October 27, 2016 – The President of the European Parliament Martin Schulz made the following statement on the awarding of the 2016 Sakharov Prize for freedom of thought to Nadia Murad and Lamiya Aji Bashar. The two women were chosen by President Martin Schulz and political group leaders on Thursday morning in Strasbourg.
“By awarding the Sakharov Prize to Nadia Murad and Lamiya Aji Bashar, the European Parliament asserts its support for freedom of thought as one of the fundamental human rights, a right which must be respected everywhere, with no exception.
Nadia Murad and Lamiya Aji Bashar share a painful and tragic story: both of them have had to witness the atrocities committed by the so-called Islamic State, both of them have seen their closest family killed, and both of them have been denigrated to sex slaves and exploited.
Their tragic story does not end there: Nadia Murad and Lamiya Aji Bashar were able to escape. They were able to escape to Europe and find protection among us. During their escape, these two young women had to overcome fear, and Lamiya Aji Bashar was heavily injured. But this did not stop them because they felt that their duty was to survive to struggle for those they left behind and to engage in another cause, the fight against impunity.
I cannot put into words the courage and the dignity they represent.
Today, Nadia Murad and Lamiya Aji Bashar have become the voice for the women victims of the Islamic State’s campaign of sexual violence and enslavement. They have become the public advocates for the Yazidi community in Iraq and they point the finger at the genocidal campaign that the terrorist organisation Islamic State is conducting against this minority.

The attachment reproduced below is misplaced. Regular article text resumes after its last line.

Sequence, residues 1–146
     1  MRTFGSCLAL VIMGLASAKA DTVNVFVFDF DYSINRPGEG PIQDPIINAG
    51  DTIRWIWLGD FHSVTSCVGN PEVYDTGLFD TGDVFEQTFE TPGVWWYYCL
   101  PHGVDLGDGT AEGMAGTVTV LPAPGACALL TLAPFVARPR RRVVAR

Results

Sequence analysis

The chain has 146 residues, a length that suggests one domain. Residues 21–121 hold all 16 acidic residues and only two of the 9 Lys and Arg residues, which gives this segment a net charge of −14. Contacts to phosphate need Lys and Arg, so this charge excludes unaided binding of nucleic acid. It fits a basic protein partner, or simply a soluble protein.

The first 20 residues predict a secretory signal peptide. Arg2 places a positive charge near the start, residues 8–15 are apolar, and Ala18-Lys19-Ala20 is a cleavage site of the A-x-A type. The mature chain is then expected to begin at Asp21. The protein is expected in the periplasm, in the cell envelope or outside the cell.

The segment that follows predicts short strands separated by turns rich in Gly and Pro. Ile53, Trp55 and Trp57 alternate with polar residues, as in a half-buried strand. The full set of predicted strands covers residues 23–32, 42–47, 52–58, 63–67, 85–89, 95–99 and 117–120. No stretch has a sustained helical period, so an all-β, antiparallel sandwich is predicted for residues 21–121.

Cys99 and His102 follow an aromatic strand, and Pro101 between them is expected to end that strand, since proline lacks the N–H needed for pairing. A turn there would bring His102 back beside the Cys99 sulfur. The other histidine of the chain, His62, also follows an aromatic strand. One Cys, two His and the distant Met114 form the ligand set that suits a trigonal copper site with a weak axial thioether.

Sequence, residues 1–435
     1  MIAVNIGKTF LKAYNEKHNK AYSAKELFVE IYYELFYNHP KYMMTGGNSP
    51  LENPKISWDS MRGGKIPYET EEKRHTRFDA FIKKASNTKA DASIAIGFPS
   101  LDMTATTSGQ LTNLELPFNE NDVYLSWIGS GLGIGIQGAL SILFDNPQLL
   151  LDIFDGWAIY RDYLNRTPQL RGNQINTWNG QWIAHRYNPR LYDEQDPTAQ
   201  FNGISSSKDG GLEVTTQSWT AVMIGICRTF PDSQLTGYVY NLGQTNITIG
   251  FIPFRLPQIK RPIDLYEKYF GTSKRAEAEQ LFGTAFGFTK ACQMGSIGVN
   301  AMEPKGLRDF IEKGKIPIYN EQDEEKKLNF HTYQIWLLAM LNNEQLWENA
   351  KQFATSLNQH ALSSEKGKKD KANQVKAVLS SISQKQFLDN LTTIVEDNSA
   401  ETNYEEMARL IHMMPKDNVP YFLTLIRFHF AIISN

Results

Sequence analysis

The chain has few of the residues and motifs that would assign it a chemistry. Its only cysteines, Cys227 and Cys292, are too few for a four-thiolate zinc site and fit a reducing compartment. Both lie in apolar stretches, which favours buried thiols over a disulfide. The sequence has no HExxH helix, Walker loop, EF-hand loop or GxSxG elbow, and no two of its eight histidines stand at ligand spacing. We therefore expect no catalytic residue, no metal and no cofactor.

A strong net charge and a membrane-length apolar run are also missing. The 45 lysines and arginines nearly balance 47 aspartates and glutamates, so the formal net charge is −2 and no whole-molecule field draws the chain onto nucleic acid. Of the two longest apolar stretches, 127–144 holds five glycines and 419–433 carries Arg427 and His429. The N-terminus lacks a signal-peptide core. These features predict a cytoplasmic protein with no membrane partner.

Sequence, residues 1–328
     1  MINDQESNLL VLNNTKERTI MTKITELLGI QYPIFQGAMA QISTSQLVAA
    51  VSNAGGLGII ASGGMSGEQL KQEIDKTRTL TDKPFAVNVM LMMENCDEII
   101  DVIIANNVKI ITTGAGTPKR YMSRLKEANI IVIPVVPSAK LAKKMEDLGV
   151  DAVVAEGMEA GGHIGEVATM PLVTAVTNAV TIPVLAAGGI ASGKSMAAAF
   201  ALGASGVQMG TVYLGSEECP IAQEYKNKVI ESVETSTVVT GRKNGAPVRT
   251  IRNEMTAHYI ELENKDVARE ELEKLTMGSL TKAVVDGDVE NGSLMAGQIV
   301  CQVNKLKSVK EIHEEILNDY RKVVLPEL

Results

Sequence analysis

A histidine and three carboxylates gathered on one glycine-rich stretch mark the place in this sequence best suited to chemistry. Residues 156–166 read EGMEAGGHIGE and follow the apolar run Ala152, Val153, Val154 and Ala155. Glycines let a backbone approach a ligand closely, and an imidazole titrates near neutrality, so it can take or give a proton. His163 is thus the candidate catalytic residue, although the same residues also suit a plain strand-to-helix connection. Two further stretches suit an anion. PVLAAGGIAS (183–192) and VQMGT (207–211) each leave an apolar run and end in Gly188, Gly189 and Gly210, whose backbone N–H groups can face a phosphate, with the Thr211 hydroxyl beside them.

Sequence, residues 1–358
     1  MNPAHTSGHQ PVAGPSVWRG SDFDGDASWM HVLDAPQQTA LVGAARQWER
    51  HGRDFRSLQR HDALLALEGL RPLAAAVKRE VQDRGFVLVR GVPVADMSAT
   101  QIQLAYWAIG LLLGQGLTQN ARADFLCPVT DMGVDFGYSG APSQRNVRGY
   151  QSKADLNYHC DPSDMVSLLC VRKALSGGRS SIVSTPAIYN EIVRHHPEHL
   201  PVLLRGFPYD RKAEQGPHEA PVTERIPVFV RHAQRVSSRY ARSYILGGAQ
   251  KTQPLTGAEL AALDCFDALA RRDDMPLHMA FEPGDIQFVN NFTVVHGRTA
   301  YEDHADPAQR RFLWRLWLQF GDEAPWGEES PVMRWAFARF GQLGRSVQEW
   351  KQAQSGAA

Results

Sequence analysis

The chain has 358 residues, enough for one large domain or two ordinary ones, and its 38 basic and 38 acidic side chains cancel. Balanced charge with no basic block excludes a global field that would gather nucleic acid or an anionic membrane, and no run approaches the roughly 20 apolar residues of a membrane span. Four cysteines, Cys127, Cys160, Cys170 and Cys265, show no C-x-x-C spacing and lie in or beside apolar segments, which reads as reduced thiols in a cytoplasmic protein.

They are the voice of the countless victims of trafficking, a voice that calls for an end to such atrocities, for the respect of human dignity, and for freedom of belief and justice.
We in Europe have sworn to defend these universal values. This is why it is so important that we honour Nadia Murad and Lamiya Aji Bashar today. Because we show that Europe cares and is committed to stand by those courageous individuals who embody such values.“
This year’s other finalists were Can Dündar, Turkish journalist and former editor-in-chief of the leading Turkish opposition newspaper Cumhuriyet and the Ukrainian, Crimean, Tatar activist Mustafa Dzhemilev.
The Sakharov Prize for Freedom of Thought is awarded each year by the European Parliament. It was set up in 1988 to honour individuals and organisations defending human rights and fundamental freedoms. Last year the prize was awarded to the Saudi Arabian blogger and writer Raif Badawi.